When we were selling our old house several years ago, my five-year-old daughter Annie loved giving tours to prospective buyers.  She hustled husbands and wives around, showing off the kitchen, bathrooms, bedrooms etc.

Arriving at the living room she would stand at a spot in front of our large, framed wall-mirror. Then she would look at the prospective buyers and say, “This is where my daddy stands when he talks to himself.”

And it’s true.  I practiced a lot of presentations in front of that big mirror. I still do.  That’s because rehearsing in front of a mirror – one of the oldest tips in public speaking – is still one of the best things you can do to improve your presentation style.

Mirrors Help You See What you Look Like

Speakers often have no idea what they look like. And that’s a bad thing.

I was working with a senior executive in Atlanta recently and I videotaped her rehearsing a speech.  When she was done, I showed her the tape and she was appalled. “I had no idea that I looked so angry,” she said. “I look like I’m about to bite someone’s head off.”

Of course mirrors can be better than video cameras for seeing how you come across.    Mirrors are more accessible than video cameras. And when you’re practicing in a mirror, you don’t have to wait for the replay.

Mirrors help you Learn How to Smile

My grandfather had a saying about people that he thought looked too serious: “He looks like he was weaned on a pickle.”

Mirrors help you overcome that “pickle-faced” look that so many of us carry around with us in business.  Indeed, when I left the practice of law and got into the training business, I spent a great deal of time in front of the mirror, working on smiling and just getting more animated.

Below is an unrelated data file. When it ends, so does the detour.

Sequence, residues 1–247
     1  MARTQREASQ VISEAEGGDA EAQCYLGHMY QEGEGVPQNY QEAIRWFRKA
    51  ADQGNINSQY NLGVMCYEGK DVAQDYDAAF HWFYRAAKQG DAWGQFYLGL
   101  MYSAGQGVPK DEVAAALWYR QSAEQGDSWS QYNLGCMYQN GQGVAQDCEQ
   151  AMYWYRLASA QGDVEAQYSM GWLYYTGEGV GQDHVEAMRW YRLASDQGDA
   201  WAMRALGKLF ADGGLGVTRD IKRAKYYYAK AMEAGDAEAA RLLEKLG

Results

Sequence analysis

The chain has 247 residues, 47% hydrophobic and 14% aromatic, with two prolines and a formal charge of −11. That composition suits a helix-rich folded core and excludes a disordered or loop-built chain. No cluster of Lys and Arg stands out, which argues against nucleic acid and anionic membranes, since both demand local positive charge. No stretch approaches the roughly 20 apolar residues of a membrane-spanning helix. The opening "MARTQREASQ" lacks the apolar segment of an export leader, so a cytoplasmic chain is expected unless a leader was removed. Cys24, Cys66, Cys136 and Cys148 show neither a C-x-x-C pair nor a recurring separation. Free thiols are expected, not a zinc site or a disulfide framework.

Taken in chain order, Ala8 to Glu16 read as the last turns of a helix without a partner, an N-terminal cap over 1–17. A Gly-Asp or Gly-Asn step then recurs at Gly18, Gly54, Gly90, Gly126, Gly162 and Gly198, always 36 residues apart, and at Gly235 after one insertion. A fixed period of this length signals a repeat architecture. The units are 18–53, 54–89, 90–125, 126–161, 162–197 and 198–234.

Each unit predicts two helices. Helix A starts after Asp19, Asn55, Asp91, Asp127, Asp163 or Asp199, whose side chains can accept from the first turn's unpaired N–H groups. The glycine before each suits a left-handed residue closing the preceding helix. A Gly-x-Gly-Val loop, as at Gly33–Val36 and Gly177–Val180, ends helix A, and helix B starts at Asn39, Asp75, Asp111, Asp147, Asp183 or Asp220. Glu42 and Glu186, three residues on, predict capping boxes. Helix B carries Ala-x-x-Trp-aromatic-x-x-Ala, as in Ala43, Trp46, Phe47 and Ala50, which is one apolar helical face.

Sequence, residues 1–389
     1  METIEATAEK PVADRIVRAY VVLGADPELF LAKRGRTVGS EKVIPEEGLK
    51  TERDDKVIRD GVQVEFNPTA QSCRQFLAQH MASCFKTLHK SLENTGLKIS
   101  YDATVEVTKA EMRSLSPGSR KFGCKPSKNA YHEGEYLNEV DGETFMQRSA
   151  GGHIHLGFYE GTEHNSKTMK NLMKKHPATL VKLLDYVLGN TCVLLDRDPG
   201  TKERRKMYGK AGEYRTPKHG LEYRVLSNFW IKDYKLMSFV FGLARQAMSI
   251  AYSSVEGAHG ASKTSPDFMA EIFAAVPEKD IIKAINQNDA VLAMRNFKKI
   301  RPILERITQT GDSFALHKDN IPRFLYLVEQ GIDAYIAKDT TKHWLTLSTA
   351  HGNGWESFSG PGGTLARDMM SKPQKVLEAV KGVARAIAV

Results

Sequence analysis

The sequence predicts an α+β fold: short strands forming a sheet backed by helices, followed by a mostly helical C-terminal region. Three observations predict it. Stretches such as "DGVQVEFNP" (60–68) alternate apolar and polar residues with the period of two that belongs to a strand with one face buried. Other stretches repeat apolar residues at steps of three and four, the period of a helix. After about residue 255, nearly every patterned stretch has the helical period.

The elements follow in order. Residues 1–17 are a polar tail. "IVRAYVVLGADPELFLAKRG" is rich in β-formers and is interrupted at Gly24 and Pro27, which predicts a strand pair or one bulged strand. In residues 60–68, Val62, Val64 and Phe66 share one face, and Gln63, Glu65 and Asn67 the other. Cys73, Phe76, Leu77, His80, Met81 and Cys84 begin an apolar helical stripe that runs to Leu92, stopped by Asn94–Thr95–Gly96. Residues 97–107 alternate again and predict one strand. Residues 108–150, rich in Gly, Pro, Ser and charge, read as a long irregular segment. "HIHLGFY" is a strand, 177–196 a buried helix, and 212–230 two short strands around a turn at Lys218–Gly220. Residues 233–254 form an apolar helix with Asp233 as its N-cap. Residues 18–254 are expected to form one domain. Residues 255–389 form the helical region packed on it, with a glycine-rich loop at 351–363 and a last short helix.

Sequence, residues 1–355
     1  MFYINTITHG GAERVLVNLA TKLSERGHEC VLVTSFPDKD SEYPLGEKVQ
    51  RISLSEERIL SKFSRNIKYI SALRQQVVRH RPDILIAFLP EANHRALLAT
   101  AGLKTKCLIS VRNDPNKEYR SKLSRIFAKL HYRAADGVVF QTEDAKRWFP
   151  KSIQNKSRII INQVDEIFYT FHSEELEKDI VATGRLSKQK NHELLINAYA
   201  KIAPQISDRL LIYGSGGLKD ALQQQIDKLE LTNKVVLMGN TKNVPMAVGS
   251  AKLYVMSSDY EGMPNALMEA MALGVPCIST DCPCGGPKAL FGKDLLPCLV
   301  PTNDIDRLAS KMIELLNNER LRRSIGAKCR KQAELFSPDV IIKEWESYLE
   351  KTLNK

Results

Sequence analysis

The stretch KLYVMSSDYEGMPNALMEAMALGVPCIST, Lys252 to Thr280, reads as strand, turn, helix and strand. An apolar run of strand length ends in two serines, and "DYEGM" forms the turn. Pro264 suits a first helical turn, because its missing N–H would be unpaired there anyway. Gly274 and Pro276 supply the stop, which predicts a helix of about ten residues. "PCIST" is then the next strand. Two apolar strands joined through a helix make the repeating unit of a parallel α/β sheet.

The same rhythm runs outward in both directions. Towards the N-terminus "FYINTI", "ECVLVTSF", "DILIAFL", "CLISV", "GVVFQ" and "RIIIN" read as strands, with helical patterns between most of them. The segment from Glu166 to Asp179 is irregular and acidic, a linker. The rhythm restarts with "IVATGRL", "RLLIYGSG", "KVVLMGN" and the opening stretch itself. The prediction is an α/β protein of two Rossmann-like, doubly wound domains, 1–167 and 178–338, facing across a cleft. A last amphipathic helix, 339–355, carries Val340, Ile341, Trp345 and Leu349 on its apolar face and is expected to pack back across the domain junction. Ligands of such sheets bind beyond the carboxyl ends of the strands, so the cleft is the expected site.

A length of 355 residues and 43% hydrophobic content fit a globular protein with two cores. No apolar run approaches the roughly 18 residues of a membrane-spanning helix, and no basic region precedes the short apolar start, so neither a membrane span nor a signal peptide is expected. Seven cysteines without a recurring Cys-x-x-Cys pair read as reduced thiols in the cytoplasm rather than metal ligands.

Next time you rehearse in front of a mirror, try forcing a smile as you speak.  It’s not that I want you be phony. Rather, I want you to learn how to ignite the charm that often gets overwhelmed by public speaking anxiety.

I once urged an attorney to “fake a smile” when he spoke.  While he tried his best, it looked like his face was in pain.  I walked him to a nearby bathroom and made him watch himself.  With a little practice, he figured out how to make it look natural.

Mirrors Also Help with Eye Contact

One of the worst things you can do as a speaker is read your presentation.  Overreliance on notes is just as bad. It makes you look like you’re in junior high reading an essay to the class on what you did on your summer vacation.

Great speakers stand in front of audiences and tell their story. You want it to look like it’s coming from the heart.  Practicing in front of a mirror discourages overreliance on notes.  After all, you can’t look at your notes while looking at yourself in the mirror.

If you practice in a mirror, you learn to connect with that person looking back at you.  You get a feeling for what your audience experiences.  And that’s a good thing.

Speechworks is a communication and selling skills coaching firm. We teach professionals how to craft and deliver complex messages in a simple, persuasive manner. Since 1986, through workshops and one-on-one instruction, we have helped countless individuals become better presenters and communicators. You can reach us at 404.266.0888, speech@speechworks.net or on the web at www.speechworks.net

Joey Asher

President of Speechworks, a selling and communication skills coaching company in Atlanta. He has worked with hundreds of business people helping them learn how to communicate in a way that connects with clients. His new book 15 Minutes Including Q&A: a Plan to Save the World from Lousy Presentations” is available now. He is also the author three previous books including “How to Win a Pitch: The Five Fundamentals That Will Distinguish You from the Competition”, “Selling and Communication Skills for Lawyers” and “Even A Geek Can Speak.” He can be reached at 404-266-0888 or joey@speechworks.net

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